As a sociological concept, some have argued that race remains a legitimate concept for sociological analysis, because social actors treat it as real and organise their lives in exclusionary practices by reference to it (Mason, 2000). Mason argues that race does not refer to categories of human beings. Rather, it is a social relationship in which structural positions and social actions are ordered and justified by reference systems of symbols and beliefs which emphasise the social cultural relevance of biologically rooted characteristics. …

The rest of this article is only available to active members of Questia

Sign up now for a free, 1-day trial and receive full access to:

  • Questia's entire collection
  • Automatic bibliography creation
  • More helpful research tools like notes, citations, and highlights
  • Ad-free environment

Already a member? Log in now.

Notes for this article

Add a new note
If you are trying to select text to create highlights or citations, remember that you must now click or tap on the first word, and then click or tap on the last word.
One moment ...
Default project is now your active project.
Project items

Items saved from this article

This article has been saved
Highlights (0)
Some of your highlights are legacy items.

Highlights saved before July 30, 2012 will not be displayed on their respective source pages.

You can easily re-create the highlights by opening the book page or article, selecting the text, and clicking “Highlight.”

Citations (0)
Some of your citations are legacy items.

Any citation created before July 30, 2012 will labeled as a “Cited page.” New citations will be saved as cited passages, pages or articles.

We also added the ability to view new citations from your projects or the book or article where you created them.

Notes (0)
Bookmarks (0)

You have no saved items from this article

Project items include:
  • Saved book/article
  • Highlights
  • Quotes/citations
  • Notes
  • Bookmarks
Notes
Cite this article

Cited article

Style
Citations are available only to our active members.
Sign up now to cite pages or passages in MLA, APA and Chicago citation styles.

(Einhorn, 1992, p. 25)

(Einhorn 25)

1

1. Lois J. Einhorn, Abraham Lincoln, the Orator: Penetrating the Lincoln Legend (Westport, CT: Greenwood Press, 1992), 25, http://www.questia.com/read/27419298.

Cited article

Race, Culture and Ethnicity in Minority Research: A Critical Discussion
Settings

Settings

Typeface
Text size Smaller Larger Reset View mode
Search within

Search within this article

Look up

Look up a word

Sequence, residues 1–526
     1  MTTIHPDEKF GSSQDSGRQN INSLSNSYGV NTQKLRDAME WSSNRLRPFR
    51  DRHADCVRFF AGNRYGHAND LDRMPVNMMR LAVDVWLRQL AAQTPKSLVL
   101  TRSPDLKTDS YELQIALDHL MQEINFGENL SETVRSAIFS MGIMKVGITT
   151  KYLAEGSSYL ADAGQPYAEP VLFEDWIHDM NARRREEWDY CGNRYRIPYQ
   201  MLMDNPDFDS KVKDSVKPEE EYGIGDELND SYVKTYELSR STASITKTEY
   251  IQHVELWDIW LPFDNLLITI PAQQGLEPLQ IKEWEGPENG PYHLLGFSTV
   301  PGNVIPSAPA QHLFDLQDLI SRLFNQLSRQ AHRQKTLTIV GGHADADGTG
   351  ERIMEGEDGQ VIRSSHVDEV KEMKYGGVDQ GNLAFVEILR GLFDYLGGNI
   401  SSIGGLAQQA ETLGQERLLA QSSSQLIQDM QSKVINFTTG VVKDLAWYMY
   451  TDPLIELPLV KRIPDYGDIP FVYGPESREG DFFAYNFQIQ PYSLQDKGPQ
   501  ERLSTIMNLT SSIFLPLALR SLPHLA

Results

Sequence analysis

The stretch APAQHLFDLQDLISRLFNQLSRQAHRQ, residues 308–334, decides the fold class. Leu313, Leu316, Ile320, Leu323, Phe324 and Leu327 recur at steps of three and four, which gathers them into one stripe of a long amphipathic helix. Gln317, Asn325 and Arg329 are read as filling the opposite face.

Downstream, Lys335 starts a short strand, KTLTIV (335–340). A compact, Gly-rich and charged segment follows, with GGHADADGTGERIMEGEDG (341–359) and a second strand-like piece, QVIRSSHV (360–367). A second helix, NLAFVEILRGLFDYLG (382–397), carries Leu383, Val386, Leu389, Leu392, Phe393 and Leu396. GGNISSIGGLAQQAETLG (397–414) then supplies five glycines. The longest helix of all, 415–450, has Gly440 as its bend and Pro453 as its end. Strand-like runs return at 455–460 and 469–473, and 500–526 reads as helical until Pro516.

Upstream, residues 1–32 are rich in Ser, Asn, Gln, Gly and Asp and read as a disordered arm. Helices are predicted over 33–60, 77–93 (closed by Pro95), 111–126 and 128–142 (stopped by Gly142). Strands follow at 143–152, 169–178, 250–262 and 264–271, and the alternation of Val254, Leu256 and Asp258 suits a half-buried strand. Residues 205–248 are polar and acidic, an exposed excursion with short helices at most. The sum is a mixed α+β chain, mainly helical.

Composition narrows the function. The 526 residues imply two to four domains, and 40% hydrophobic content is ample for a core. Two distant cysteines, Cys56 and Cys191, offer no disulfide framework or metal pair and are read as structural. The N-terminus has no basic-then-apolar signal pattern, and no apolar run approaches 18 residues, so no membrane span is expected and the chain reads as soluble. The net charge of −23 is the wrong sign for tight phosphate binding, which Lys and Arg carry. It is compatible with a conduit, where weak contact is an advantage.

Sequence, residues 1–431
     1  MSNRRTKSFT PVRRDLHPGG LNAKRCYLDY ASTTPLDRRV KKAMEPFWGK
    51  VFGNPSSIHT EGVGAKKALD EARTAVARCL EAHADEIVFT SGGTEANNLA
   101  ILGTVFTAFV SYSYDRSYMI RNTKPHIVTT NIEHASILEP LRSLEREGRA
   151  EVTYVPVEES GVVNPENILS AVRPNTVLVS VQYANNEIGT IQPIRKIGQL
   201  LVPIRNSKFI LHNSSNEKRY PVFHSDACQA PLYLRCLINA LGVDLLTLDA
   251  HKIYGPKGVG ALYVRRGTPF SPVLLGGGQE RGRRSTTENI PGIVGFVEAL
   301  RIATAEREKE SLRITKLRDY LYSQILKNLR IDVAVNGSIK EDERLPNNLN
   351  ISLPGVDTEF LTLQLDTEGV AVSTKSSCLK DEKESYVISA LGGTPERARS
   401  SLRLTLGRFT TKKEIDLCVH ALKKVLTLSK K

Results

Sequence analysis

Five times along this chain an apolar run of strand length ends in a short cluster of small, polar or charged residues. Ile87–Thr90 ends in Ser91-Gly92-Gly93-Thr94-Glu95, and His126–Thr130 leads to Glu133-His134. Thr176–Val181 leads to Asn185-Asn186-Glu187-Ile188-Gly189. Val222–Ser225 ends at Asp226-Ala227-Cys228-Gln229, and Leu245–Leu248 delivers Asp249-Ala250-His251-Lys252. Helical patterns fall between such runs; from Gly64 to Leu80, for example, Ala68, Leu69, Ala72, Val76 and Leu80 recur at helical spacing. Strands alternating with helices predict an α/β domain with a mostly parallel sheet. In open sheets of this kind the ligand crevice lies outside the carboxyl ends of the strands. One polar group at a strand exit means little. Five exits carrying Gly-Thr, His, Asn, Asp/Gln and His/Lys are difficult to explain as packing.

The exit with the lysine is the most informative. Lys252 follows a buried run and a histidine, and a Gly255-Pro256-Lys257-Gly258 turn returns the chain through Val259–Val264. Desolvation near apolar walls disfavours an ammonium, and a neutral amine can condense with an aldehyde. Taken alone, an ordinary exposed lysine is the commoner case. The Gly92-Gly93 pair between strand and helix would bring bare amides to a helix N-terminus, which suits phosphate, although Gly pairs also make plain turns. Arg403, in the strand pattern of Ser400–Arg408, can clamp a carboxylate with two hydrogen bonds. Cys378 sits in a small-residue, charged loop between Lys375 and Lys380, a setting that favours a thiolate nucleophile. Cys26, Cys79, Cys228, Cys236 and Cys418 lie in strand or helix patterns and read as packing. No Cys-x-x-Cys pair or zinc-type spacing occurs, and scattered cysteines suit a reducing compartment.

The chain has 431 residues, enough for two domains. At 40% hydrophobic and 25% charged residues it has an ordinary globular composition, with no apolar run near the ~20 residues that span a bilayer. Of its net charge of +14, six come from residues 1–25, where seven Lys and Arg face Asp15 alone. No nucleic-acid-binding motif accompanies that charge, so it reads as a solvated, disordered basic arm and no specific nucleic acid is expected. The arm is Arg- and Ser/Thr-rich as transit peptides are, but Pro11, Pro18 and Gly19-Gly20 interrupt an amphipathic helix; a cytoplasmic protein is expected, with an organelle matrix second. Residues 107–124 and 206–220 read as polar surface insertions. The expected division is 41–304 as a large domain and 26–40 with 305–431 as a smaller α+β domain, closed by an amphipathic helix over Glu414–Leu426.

• Dictionary
  • Thesaurus
Please submit a word or phrase above.
Print this page

Print this page

Why can't I print more than one page at a time?

Full screen

matching results for page

Cited passage

Style
Citations are available only to our active members.
Sign up now to cite pages or passages in MLA, APA and Chicago citation styles.

"Portraying himself as an honest, ordinary person helped Lincoln identify with his audiences." (Einhorn, 1992, p. 25).

"Portraying himself as an honest, ordinary person helped Lincoln identify with his audiences." (Einhorn 25)

"Portraying himself as an honest, ordinary person helped Lincoln identify with his audiences."1

1. Lois J. Einhorn, Abraham Lincoln, the Orator: Penetrating the Lincoln Legend (Westport, CT: Greenwood Press, 1992), 25, http://www.questia.com/read/27419298.

Cited passage

Welcome to the new Questia Reader

The Questia Reader has been updated to provide you with an even better online reading experience.  It is now 100% Responsive, which means you can read our books and articles on any sized device you wish.  All of your favorite tools like notes, highlights, and citations are still here, but the way you select text has been updated to be easier to use, especially on touchscreen devices.  Here's how:

1. Click or tap the first word you want to select.
2. Click or tap the last word you want to select.

OK, got it!

Thanks for trying Questia!

Please continue trying out our research tools, but please note, full functionality is available only to our active members.

Your work will be lost once you leave this Web page.

For full access in an ad-free environment, sign up now for a FREE, 1-day trial.

Already a member? Log in now.